On Thursday, the United States government is scheduled to release as many as 100,000 pages of heretofore secret documents pertaining to the 1963 assassination of President John F. Kennedy.
“The documents have either never been disclosed or been made public only in redacted form, and are due to be released by the National Archives and Records Administration under a law passed in 1992 after the Oliver Stone movie JFK stoked interest,” The New York Times reports. “The last of the documents were required to be released 25 years after the law was signed, but the incumbent president, in this case Mr. Trump, can order some withheld in response to concerns by the intelligence agencies. White House officials said he had not made up his mind whether to do so.”
The impending release has historians of JFK, the Cold War, and other contemporaneous events pondering what new insights, if any, they’ll gain from the contents of the documents.
Many members of the public are similarly focused on learning new facts.
But the release should also serve as an occasion for reflection about why U.S. government officials keep so much of the information they possess from the public for so long.
Ask yourself that question as the contents of the impending release are pored over and reported. Ask, “Did I learn anything of interest that could’ve been declassified back in 1992, or 1989, or 1975, without any likelihood of doing harm to the public?”
If so, that will be an indictment of the American approach to state secrets.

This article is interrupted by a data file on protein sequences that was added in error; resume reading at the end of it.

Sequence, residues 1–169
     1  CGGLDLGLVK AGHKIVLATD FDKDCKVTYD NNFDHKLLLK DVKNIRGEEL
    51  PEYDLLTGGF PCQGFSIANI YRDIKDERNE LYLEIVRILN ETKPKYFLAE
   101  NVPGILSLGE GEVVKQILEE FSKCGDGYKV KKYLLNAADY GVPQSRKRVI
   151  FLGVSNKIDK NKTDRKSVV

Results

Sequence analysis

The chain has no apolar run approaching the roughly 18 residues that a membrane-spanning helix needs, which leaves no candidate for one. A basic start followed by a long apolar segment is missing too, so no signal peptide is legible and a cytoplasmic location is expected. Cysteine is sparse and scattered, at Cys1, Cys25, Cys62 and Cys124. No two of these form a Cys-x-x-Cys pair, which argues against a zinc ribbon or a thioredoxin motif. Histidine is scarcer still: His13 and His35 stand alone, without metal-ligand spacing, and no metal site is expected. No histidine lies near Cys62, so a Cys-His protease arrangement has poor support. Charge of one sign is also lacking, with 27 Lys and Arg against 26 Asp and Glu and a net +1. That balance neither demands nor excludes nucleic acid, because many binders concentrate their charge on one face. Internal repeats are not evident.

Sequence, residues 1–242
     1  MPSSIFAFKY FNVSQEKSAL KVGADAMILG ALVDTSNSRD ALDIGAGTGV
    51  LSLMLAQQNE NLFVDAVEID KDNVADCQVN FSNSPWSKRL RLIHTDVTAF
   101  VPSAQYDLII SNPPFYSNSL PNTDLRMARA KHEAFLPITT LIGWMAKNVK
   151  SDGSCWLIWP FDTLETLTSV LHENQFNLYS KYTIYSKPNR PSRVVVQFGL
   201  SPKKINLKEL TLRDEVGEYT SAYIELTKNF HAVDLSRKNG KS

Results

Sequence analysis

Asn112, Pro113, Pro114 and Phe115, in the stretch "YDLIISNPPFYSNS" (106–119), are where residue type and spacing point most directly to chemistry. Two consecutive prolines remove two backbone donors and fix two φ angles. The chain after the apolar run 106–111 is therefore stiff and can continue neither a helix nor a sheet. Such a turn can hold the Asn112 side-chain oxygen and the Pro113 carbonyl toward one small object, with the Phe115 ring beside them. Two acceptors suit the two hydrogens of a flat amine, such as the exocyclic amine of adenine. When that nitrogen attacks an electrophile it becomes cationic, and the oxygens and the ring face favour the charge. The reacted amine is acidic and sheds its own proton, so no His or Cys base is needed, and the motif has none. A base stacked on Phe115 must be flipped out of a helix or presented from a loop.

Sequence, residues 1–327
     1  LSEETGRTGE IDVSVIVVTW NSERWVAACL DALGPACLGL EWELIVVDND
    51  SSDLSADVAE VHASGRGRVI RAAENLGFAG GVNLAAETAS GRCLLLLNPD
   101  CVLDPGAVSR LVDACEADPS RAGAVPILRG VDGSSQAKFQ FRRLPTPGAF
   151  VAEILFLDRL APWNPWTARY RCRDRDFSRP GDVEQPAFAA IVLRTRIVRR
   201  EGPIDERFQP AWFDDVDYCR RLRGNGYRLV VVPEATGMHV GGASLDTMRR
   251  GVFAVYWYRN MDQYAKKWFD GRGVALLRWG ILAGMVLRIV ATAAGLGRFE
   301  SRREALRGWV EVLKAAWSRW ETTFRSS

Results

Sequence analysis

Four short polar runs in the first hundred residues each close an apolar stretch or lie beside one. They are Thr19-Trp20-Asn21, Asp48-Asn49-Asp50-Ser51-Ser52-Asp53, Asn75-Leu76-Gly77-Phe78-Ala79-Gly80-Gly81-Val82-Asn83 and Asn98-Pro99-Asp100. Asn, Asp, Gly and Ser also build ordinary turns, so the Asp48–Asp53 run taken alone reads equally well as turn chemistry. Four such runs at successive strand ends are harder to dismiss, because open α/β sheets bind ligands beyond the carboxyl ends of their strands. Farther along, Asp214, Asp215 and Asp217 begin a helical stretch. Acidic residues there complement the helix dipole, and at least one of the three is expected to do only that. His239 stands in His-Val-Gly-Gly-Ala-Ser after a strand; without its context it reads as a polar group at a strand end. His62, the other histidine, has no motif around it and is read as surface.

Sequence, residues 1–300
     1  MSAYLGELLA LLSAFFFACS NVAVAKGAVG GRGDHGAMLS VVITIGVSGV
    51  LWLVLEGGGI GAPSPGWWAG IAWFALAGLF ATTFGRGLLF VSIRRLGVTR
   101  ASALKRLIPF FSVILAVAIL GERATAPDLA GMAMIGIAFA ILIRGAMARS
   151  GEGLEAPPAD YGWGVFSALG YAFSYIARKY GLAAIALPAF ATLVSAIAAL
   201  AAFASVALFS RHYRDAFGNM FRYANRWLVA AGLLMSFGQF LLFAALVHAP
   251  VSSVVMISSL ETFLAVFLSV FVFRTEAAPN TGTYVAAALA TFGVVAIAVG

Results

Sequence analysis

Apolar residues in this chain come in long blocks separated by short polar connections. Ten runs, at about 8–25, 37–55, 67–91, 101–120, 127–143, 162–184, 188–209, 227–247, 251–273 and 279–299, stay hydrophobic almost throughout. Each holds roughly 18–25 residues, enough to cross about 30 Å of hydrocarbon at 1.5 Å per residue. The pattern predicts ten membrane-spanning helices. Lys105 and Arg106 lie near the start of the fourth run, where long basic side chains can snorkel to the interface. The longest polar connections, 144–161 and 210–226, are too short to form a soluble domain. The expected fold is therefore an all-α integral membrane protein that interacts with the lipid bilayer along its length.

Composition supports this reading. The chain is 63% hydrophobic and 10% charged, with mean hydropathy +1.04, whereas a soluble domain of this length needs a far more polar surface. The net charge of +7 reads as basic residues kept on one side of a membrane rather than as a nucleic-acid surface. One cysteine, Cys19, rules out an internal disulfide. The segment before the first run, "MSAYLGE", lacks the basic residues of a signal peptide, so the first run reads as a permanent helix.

That approach should already be anathema. It has recently enabled horrors including the torture of prisoners and mass warrantless surveillance of Americans. Excessive secrecy always enables abuses, prevents accountability, and subverts representative democracy as both legislators and voters are denied relevant information.
Farther out, excessive secrecy robs us of the ability to study history and learn from its truths. Think how inferior our understanding of reality would be without the Pentagon Papers, the Church Committee report, or even Edward Snowden’s revelations.
Now consider that if the model applied to the John F. Kennedy assassination papers persists, Americans won’t find out the whole known truth about matters like the September 11 terrorist attacks, the Iraq War, torture, and drone strikes until the 2050s.
That is too long.
Perhaps Americans would demand to see more, sooner, if every release of classified documents, authorized or not, included an analysis not only of what was just made public, but also how much sooner it could have been made public without harming the public.
I’ll be perusing whatever JFK papers are released with that in mind.